By Attorney Max Stephenson

Same-sex marriage became legal in Wisconsin in October 2014. Same-sex marriage became legal nationwide in June 2015 with the U.S. Supreme Court case of Obergefell v. Hodges. However, it may come as a surprise to LGBTQ families that same-sex parents are advised to get a court order confirming both parents’ parental rights.

A number of U.S. Supreme Court judgments have provided rights to LGBTQ parents nationwide. For example, Pavan v. Smith gave both parents the right to have their names (either as “mother/father” or “parent/parent”) on the birth certificate of their child, whether the child was adopted or conceived through artificial insemination or by one of the parents.  In the U.S. Supreme Court, cases including Obergefell and Pavan have mandated that all states must extend the same rights and benefits to same-sex married couples that are extended to opposite-sex married couples, including recognizing a non-gestational parent as a legal parent.

With all of these decisions protecting the rights of parents, why then are LGBTQ couples strongly encouraged to file a court order establishing themselves as parents? This is because of a clause in the U.S. Constitution referred to as “portability of judgment.”

Freedom to Move About the Country

As a family, you want to be able to travel freely outside of Wisconsin and be assured that your joint parentage will be recognized wherever you go. Unfortunately, a birth certificate does not provide this assurance, since it is considered a self-reported record. This means it is an “indication” of parentage, but it is not considered solid legal proof, and therefore, does not meet the Full Faith and Credit criteria. 

Full Faith and Credit refers to the first sentence of Article IV, Section 1, of the U.S. Constitution: “Full faith and credit shall be given in each State to the public Acts, Records, and judicial Proceedings of every other State.” The clause was intended to ensure continuity among the states, but to receive Full Faith and Credit, you must have a court order.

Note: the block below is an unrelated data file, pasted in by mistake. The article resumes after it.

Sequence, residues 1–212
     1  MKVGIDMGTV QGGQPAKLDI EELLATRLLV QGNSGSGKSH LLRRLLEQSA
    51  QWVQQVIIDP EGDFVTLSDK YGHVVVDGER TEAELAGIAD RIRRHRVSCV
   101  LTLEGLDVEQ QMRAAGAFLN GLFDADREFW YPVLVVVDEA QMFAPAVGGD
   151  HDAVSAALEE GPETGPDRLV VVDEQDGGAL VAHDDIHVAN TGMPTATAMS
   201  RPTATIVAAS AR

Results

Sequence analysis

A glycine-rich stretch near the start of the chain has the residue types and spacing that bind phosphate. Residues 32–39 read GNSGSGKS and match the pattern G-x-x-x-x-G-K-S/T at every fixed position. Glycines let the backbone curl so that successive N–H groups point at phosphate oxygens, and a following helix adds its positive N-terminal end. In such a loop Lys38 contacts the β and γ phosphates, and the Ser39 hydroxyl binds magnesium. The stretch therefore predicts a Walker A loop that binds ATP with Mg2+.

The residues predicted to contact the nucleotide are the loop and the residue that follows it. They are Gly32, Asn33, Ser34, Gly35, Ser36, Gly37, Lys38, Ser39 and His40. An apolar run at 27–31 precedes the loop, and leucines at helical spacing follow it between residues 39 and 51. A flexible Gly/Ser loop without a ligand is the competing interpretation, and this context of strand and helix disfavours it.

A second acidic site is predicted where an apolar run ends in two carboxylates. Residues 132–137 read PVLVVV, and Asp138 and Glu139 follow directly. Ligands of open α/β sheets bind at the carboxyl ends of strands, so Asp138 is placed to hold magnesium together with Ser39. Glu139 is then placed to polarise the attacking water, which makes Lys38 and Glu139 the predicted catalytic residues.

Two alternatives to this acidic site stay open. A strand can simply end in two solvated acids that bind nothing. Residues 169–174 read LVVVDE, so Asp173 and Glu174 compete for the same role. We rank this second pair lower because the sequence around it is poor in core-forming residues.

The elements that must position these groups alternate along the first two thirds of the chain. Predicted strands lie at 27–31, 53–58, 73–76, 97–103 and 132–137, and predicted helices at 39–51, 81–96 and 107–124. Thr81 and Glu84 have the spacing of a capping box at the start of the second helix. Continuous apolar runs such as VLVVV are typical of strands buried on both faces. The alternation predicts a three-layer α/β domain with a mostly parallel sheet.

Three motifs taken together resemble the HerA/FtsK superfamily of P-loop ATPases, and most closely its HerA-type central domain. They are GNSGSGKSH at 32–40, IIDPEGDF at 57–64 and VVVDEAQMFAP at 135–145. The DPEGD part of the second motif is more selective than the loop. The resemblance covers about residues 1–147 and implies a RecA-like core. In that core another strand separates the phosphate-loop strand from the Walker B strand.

Is There a Double Standard?
Different-sex couples are rarely advised to get a court order to prove parentage, which would imply that same-sex couples do not need one either, especially given the recognition of same-sex marriages at the federal level. Moreover, when a legally married opposite-sex couple has a child, they are both automatically presumed to be the legal parents of the child. If a couple gets divorced, they both remain legal parents unless parentage is terminated by a court.

This is presumed to be the case for same-sex couples with children born after same-sex marriage was legalized. However, the operative word here is “presumed.” Most states have not addressed this issue directly. In some cases, the legal parentage may be uncertain for children who were born or adopted by same-sex couples before same-sex marriage or civil union rights were recognized. For this reason, whether you are married or in a civil union or domestic partnership, non-biological and non-adoptive parents are encouraged to legally adopt a child or obtain a parentage court order, even if you are named on your child’s birth certificate.

Contact a Milwaukee LGBTQ Family Law Attorney

At Gimbel, Reilly, Guerin & Brown, LLP, we believe that nothing is more important than family, and our attorneys are experienced in protecting LGBTQ family rights. We can help you obtain a court order recognizing you as your child’s legal parent. If you are adopting a child, getting married, or considering divorce, and you are unsure about your rights, contact our Milwaukee family law firm today at 414-271-1440.